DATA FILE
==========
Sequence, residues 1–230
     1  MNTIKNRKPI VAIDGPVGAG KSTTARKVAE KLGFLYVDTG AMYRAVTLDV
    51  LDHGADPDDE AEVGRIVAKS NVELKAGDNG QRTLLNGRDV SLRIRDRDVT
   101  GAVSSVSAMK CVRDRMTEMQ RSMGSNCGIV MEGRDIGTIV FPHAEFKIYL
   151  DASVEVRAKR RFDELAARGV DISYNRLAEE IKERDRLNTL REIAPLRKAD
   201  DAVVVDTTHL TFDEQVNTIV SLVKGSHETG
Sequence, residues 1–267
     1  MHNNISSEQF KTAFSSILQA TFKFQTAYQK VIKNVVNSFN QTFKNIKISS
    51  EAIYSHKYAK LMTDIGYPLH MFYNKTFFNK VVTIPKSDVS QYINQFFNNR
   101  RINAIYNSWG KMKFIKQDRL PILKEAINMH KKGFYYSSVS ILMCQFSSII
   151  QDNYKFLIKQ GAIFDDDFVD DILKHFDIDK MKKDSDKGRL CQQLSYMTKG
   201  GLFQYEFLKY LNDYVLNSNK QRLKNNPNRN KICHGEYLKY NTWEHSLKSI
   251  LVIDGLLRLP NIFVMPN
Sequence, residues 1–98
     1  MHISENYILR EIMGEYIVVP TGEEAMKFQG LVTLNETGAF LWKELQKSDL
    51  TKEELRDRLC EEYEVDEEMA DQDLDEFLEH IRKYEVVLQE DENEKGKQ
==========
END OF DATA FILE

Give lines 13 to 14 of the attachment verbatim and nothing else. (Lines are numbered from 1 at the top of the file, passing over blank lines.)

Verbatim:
   251  LVIDGLLRLP NIFVMPN
Sequence, residues 1–98